CCHS Volunteer Shorts: Mary Jane Russelburg
Mary Jane Russelburg discusses her time as an employee and as a volunteer at the Cumberland County Historical Society. As a volunteer in the Library, Mary Jane, assists patrons with research including family research/genealogy, property research, as well as Indian School research.
Blair Williams: I am here today with Mary Jane Russelburg. I’ll start Mary Jane by asking what do you here at the Cumberland County Historical Society?
Mary Jane Russelburg: I volunteer in the library, mostly helping patrons do research either on family genealogy background. Sometime property research. Occasionally Indian School research. Those are the main things.
BW: How long have you been a volunteer?
MR: I’ve been a volunteer for somewhere between three and four years. But I’ve worked here, I started out as an employee here back in 2002. I worked here in the library for maybe eight years. Then I worked with the director for about three years. Then when she retired, I retired. And moved back to the Library in a capacity of a volunteer.
BW: What made you interested in coming back as a volunteer?
MR: I loved working in the library here. I don’t have any history background. I am not any kind of history expert by any means but it’s the research that I enjoy. Solving little mysteries. And I also just enjoy working with patrons that came in. We had people that come to this historical society from all over the United States as well as overseas. You get a chance to meet some really interesting people. Occasionally, you realize what a small world it is. We’ve had people from two very different places around the country, coincidentally researching at the same time, researching the same family.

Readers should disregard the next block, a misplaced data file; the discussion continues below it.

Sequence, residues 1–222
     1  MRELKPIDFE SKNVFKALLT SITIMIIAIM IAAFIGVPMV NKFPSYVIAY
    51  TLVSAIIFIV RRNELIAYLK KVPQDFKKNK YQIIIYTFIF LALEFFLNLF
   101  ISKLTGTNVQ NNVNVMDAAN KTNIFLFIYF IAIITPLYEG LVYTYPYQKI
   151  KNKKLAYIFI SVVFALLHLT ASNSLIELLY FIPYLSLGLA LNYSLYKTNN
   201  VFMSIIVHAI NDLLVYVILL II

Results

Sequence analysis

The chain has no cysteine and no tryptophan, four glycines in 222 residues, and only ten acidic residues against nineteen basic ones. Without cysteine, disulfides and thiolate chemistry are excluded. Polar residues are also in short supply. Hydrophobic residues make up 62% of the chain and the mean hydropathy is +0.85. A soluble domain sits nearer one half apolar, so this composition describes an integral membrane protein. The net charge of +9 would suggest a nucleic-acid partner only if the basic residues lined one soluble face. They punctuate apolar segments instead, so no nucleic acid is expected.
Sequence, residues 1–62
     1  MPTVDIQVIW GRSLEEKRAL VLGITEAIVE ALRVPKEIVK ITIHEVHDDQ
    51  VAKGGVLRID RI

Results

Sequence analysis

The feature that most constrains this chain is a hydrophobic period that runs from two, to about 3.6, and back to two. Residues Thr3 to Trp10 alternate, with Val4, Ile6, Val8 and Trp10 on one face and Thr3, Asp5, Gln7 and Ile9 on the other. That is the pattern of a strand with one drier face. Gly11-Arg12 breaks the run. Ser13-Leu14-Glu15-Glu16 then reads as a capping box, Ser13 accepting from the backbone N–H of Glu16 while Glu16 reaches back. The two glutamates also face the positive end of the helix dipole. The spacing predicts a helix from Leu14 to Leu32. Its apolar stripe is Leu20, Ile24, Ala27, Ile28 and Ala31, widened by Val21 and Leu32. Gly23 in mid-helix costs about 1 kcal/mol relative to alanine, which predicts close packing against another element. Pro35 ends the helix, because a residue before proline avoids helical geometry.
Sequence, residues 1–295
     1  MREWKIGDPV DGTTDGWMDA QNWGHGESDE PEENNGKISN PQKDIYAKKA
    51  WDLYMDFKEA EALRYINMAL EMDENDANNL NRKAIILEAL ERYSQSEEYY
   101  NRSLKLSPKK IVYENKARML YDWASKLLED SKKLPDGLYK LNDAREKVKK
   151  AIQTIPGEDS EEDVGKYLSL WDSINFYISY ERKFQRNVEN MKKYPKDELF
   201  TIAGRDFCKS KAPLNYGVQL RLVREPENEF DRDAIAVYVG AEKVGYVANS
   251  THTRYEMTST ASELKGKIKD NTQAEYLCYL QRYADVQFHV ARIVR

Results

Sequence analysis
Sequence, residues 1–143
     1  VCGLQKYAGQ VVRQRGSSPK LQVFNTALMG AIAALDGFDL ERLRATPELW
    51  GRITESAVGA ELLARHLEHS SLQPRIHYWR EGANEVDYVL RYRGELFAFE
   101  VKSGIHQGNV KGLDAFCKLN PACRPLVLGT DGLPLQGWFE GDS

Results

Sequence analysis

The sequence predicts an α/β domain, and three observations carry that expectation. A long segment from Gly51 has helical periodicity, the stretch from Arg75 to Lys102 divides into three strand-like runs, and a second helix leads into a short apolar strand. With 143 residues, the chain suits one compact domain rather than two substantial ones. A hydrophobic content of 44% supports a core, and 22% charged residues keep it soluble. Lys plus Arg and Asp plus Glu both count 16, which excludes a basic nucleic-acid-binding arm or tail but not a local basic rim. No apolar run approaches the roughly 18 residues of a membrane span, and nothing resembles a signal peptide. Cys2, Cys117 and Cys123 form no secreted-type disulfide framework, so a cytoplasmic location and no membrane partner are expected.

BW: What would you say the most interesting item or object you’ve come across the collection is?
MR: There have been so many things. I can’t probably point to a specific one right at the moment. But sometimes the old newspapers, the 19th century newspaper articles. The way that they wrote things. You realize they didn’t have television or radio for entertainment so some of the descriptions of accidents or different events were written in such dramatic flair that you can kind of tell they served as a form of you can say entertainment. But that was what it was sometimes. Sometimes the things we see or hear nowadays are a little more graphic then we would like but I’ve seen some things that are surprisingly more descriptive then I would have expected for that time period. There is always something that comes up. Some document, some historic document that you think wow we have that here in our little museum in Carlisle.
BW: Thank you again for volunteering and for speaking with me today.